Page:English Caricaturists and Graphic Humourists of the nineteenth century.djvu/228

From Wikisource
Jump to: navigation, search
This page has been validated.
154
ENGLISH CARICATURISTS.

their sentences for minor offences on the magisterial bench. The titles of other subjects of the year are: The Hobby Horse Dealer; Johnny Bull and his Forged Notes, or Rags and Ruin in the Paper Currency; Smoke Jack, the Alarmist, Extinguishing the Second Great Fire of London; Love, Law, and Physic(*); The Sailor's Progress (six subjects); Dandies in France, or Le Restorateur(*); A Match for the Kings Plate; The Belle Alliance, or the Female Reformers of Blackburn(*); Voila t'on mort; and Royal Red Bengal Tiger (etched from the designs of other artists); Irish Decency (two caricatures); Giant Grumbo and the Black Dwarf, or Lord G——— and the Printer's Devil; and Our Tough old Ship Steered Safely into Harbour maugre Sharks of the Day(*).

An unsigned caricature, published by Fores on the 15th of May, 1819, appears to me to be due to the hand of George Cruikshank. It bears the title of The Dandy Tailor Planning a New Hungry Dress, and would appear to have reference to some contemplated introduction of foreign mercenaries into the English service. The tailor, while stitching a military jacket, sings a song of which the following is a verse,—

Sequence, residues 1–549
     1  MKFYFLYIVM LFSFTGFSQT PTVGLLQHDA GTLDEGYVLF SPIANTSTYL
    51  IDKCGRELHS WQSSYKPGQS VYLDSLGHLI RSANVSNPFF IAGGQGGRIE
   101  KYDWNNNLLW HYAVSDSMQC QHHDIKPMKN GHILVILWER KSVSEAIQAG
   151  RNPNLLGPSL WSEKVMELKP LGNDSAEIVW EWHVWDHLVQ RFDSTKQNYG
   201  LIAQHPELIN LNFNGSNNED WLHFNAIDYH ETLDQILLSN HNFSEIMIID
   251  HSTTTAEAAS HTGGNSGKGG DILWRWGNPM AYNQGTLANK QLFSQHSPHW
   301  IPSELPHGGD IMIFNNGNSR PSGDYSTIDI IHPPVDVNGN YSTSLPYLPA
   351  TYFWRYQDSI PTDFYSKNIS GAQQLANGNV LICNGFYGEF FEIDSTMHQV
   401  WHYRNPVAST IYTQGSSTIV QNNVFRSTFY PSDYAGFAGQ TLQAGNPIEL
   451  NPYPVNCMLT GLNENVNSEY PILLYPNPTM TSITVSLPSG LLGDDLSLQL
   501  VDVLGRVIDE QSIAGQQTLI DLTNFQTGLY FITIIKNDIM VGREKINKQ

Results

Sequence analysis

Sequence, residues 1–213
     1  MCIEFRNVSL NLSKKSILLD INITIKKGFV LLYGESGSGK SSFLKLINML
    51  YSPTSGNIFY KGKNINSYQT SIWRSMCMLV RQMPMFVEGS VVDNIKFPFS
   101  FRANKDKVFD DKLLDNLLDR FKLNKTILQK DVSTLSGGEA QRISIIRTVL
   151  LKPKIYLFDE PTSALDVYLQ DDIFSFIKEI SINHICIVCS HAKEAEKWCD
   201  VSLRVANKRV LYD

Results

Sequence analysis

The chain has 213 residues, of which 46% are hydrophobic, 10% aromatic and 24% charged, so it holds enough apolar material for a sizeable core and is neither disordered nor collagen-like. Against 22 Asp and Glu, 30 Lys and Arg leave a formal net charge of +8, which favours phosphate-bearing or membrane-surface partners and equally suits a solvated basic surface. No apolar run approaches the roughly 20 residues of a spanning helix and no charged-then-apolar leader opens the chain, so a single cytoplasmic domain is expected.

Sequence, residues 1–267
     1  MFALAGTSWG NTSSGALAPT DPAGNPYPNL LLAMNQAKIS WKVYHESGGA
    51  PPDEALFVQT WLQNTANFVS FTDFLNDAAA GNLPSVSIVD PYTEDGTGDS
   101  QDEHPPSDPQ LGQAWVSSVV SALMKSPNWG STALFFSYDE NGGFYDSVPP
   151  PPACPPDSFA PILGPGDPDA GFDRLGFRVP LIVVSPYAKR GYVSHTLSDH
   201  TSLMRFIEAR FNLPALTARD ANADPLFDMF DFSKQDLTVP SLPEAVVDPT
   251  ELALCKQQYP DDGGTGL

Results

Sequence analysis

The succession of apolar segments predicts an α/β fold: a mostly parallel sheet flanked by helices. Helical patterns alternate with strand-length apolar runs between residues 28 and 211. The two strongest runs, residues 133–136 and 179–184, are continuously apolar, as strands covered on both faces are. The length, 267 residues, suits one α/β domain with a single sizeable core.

"A tailor there was, and he lived in a stall,
Which served him for palace, for kitchen, and hall.
No coin in his pocket, no nous in his pate,
No ambition has he, nor no wish to be great.
 Derry down, down, down, derry down!"

A foreigner enters in military costume, introducing two foreign mercenaries. "Dese men," he says, "will teach you de proper vay to make de Hungarian soldats. I did bring dem expres'. Observe des grands mustaches. No more English soldats." A military figure in jack boots, standing by the side of the tailor, holds the "goose" in readiness for his master's use. The Prince Regent, especially as George the Fourth, was fond of inventing new military costumes, and Mr. Greville describes him in 1829 (the year before his death) as "employed in devising a new dress for the guards;" but by the mitre at his back, and the reference to his impecunious position, I should take this "tailor" to be intended for the Duke of York.